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China to take more Iranian oil, boosting Asia's total-sources
June 11, 2014 / 9:01 AM / 3 years ago

China to take more Iranian oil, boosting Asia's total-sources

* China’s Sinopec to buy more Iranian oil through to first half of 2014

* Asia’s top Iranian oil buyers to lift 1.25-1.3 mln bpd in Jan-Jun

* Apart from China, others to keep imports steady at first four months level

By Chen Aizhu and James Topham

BEIJING/TOKYO, June 11 (Reuters) - China is set to take more Iranian crude than it did before tough sanctions were put in place in early 2012, as Asia’s biggest refiner Sinopec Corp buys more oil from the Middle East nation, sources with direct knowledge of China’s buying strategy said.

Western sanctions over the past few years had reduced Iran’s crude shipments to less than half and crippled its economy by choking the flow of petrodollars. Some of those measures were eased following a breakthrough diplomatic deal last November in return for Tehran curtailing its nuclear programme.

Higher purchases by Chinese state refiner Sinopec mean Iran’s top clients - China, Japan, India and South Korea - are expected to jointly import around 1.25 million-1.3 million barrels per day in the January-June period, according to five industry and government sources with knowledge of oil sourcing in these countries.

“Over the past two years Sinopec had reduced purchases. That was purely because of sanctions,” said an industry official with knowledge of the refiner’s supply plans. “Now that the pressure is eased, they are making the most of it.”

Asked to comment on imports of Iranian oil since late last year through to the first half of 2014, Sinopec spokesman Lu Dapeng said the firm’s “crude purchases are made based on their commercial requirement and the requirement for production.”

Six major powers - the United States, Britain, Germany, France, Russia and China - and Iran are trying to reach a final settlement on Tehran’s nuclear programme, although diplomats say a July 20 deadline is likely to slip.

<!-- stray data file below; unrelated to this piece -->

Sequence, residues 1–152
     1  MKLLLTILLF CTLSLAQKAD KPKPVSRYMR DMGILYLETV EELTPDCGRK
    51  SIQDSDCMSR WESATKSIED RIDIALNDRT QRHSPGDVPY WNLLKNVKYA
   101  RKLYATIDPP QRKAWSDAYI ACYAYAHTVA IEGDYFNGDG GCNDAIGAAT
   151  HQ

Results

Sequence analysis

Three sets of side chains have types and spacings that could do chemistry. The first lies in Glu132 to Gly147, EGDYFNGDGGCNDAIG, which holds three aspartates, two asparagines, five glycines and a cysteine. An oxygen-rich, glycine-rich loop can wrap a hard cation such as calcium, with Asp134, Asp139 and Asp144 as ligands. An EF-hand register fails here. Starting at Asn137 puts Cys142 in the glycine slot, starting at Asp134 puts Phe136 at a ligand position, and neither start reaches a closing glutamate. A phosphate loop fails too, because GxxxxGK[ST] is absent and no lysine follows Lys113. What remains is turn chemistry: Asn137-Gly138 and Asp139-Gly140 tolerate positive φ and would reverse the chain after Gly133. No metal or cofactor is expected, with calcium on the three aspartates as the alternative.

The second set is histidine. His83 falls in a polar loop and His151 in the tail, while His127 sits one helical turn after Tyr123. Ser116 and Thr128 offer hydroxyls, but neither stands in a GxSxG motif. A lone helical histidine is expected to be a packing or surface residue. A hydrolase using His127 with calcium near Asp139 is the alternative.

China is likely to import about the same volume of oil in May and June as it did in the first four months of the year, when it took on average of around 620,000 bpd compared with pre-sanctions volumes of around 550,000 bpd.

The Asian giant’s imports are also higher in part because Dragon Aromatics, an independent petrochemicals producer based in Fujian, signed a contract last year for South Pars condensate, a light crude, with monthly purchases averaging at some 80,000 bpd.

In addition, Sinopec is expected to continue lifting full contracted volumes or more. China, Iran’s biggest oil customer, more than doubled its purchases in April from a year ago to a record of nearly 800,000 bpd.

Sinopec’s imports are done via its trading vehicle Unipec. Unipect lifts around 265,000 bpd of Iranian oil under an 8-year oil contract that will last through to end-2019.


The other three Asian buyers are expected to hold imports at levels similar to the first four months, sources said.

Japan is likely to hold its imports steady at around 165,000 bpd compared with the 2013 average of 177,414 bpd.

In the first four months of the year, Japan bought 57,876 bpd of South Pars condensate, more than double the level a year earlier, while it reduced purchases of Iranian Heavy and Forozan Blend by nearly 40 percent in each case, a breakdown of the Ministry of Economy, Trade and Industry (METI) showed.

The significant increase of South Pars condensate volumes is because the light crude from Iran is much cheaper than other condensate grades, industry sources said.

South Pars condensate is offered at least $10 a barrel cheaper than Qatar low sulphur condensate (LSC), Singapore-based trade sources said.

South Korea, which imported 134,375 bpd of oil from Iran in the first four months of the year, is also expected to retain imports around the same level through June.

“I don’t think there will be any change in the country’s Iranian oil import volumes for a while,” a source at a Seoul-based refiner which imports Iranian oil said.

India lifted 324,700 barrels from Iran in the first four months of the year. The country’s import plans for the first half were not immediately clear, but it reduced purchases in April and should continue to do so in coming months after boosting first-quarter shipments. (Additional reporting by Meeyoung Cho in SEOUL, Krishna Das in NEW DELHI, Li Peng Seng in SINGAPORE; Writing by Manash Goswami; Editing by Tom Hogue and Ed Davies)

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